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Feb 12th

New Primitives, Casual Confusion throw down with true strength

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New Primitives, Casual Confusion throw down with true strength

Let's talk warhorses and young lions. Recently I had the pleasure to catch both New Primitives and Casual Confusion throwing down with true strength.

Photo: New Primitives left to right: Tommy Peterson, Joel Arpin, Brian Powers, Stanley Kipper, Chico Perez, and DJ Trichrome. Sitting: Javier Trejo Casual Confusion left to right: Zach Dennison, Colin Hodges, and Mike Hayostak

Let's talk warhorses and young lions. Recently I had the pleasure to catch both New Primitives and Casual Confusion throwing down with true strength.

Veteran aces New Primitives brought thoroughbred Afro-Cuban rock to the Sommerfest doings at Peavey Plaza in downtown Minneapolis on the 14th. It was welcome to catch these guys in the open air, drawing a crowd of casual strollers-by. Folk would get nosy, stop for a minute to listen and find themselves sitting down, head-bobbing to the music. At length the inevitable occurred and people -- a fascinating mix of ages, colors and ethnicities -- started getting up and dancing (me too, for that matter). "Must Be Love," by bandleader Stan Kipper was the hands-down highlight of the afternoon, insistently pulsing percussion and snaking bass fueling a solid groove while Kipper laid down his distinctive, raw-edged vocal phrasing. Javier Trejo wasn't any slouch either, with his humorous hard-charging jam "Sketchy Cat." And when they broke into the Temps number "They Way You Do the Things You Do" done to Trejo's uncanny ska arrangement, yours truly just about lost it. New Primitives rocked the outdoor house a good two hours, giving attendees the priceless opportunity to catch some amazing sounds and a suntan at the same time. Rumor has it New Prims sooner or later will make good on their threat to release the eagerly anticipated second album American Nomad before everybody in the band is in a rocking chair. Meanwhile the debut disc New Primitives, featuring "Wild Horses" and "Bring Me Down," is very much available at the record shop. And you can catch them next in town at St. Anthony Main Summer Concert Series (another fresh-air affair), 213 S.E. Main St. on Fri. Aug 17 at 7:30 p.m.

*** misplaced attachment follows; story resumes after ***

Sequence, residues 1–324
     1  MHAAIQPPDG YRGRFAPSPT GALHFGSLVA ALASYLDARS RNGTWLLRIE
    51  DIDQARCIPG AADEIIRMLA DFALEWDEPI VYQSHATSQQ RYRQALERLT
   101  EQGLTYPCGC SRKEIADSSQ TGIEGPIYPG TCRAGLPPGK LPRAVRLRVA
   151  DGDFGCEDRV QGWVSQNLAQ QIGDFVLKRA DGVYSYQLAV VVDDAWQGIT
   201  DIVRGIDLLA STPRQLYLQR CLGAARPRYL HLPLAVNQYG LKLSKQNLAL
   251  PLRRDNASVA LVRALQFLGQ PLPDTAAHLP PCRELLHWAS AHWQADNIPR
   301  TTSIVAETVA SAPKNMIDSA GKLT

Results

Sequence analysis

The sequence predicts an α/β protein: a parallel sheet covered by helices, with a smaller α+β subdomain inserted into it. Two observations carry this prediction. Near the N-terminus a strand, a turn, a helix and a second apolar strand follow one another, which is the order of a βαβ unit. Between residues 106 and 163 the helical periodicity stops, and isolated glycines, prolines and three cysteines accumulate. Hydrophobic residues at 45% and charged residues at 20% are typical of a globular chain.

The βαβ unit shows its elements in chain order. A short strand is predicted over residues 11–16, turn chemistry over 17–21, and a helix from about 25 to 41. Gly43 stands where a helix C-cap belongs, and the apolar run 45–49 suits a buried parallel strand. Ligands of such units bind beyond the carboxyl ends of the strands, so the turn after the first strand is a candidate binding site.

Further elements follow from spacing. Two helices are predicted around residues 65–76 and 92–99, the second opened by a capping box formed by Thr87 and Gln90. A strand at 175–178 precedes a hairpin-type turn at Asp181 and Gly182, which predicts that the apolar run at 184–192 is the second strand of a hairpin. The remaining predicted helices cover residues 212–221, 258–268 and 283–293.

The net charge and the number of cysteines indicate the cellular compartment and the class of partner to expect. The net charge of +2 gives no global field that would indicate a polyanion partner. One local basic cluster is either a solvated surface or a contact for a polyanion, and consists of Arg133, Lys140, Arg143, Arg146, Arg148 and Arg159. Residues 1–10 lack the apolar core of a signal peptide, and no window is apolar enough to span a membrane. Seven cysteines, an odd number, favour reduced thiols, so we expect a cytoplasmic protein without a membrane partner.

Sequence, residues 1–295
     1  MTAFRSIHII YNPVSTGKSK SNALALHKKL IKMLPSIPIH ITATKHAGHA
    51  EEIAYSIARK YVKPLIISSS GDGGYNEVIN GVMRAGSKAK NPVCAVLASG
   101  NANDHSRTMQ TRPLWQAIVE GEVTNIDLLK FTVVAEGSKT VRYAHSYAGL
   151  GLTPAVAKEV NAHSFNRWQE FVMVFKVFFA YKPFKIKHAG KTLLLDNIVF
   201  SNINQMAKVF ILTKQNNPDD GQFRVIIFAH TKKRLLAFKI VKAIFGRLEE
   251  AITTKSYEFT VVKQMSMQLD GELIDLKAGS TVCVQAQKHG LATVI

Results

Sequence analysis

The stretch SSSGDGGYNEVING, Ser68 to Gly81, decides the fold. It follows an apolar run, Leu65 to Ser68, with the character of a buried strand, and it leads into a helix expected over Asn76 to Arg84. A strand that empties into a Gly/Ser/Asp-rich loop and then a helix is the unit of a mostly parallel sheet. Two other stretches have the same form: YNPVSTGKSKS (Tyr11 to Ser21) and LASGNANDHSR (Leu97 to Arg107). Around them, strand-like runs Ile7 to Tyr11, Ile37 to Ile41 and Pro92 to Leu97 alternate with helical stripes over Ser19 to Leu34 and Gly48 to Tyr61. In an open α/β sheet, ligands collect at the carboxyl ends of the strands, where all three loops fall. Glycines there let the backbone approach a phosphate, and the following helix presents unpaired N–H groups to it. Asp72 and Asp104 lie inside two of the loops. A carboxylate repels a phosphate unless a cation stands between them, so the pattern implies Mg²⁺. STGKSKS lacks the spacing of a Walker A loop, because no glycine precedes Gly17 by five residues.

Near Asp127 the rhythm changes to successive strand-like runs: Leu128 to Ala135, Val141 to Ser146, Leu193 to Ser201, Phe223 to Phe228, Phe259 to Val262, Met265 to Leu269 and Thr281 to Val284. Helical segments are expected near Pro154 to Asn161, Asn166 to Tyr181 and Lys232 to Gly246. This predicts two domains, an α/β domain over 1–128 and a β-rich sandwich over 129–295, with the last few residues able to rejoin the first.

The boys came back on for an evening set, but by then I had hot-footed it over to Casual Confusion at The Varsity Theater in Dinkytown, where they headlined a bill that boasted firebrand alt-rocking Kymara, soul-deep R&B monsters Bluestone Moon and excellent avant-garde jazzer Matthew Santos.

Casual Confusion, quite simply, is a full-out explosion awaiting sufficient exposure. Headed up by extraordinary guitarist-singer-songwriter Colin Hodges with fluid bassist bass guitarist Mike "Haddy" Hayostek and slam-tight drummer Zach Dennison, they are to this era what The Jimi Hendrix Experience and Love were to the '70s -- powerhouse rock brandishing exciting music, inventive melody, strong lyrics and more crowd-rousing showmanship than the law probably allows. And they have a killer CD, Casual Confusion, to prove it.

They tore the place up straight from jump, opening with the gem "Chances." It's a haunting ballad that starts out mellow enough, and then gradually raises the hair on the back of your neck, transitioning from a reflective scheme of things to raising pure and absolute hell. And man, catching them do this song live is freshly new and improved entertainment itself. Hodges, a long, tall good-lookin' drink of water, breaks into a bad to the bone, jitterbug-strut, strangling his axe and singing his you-know-what off. "Still Care" steams such funk you have to hold your nose. "Future Shock," stone-cold steeped in the Robin Trower school of yes-you-can-do-a-slow-jam-and-still-rock-the-roof-off-the-joint, is downright scary. I got the chance to catch them again, opening on July 26, for The New Congress at Bunker's in Minneapolis' Warehouse District. It amounted to a double-bill for the books: both bands burned. Casual Confusion breaks bad next at Aug. 22 at The Uptown Bar, 3018 Hennepin Ave. South in Minneapolis. Info: 612-823-4719.

It does the heart and soul a world of good to kn

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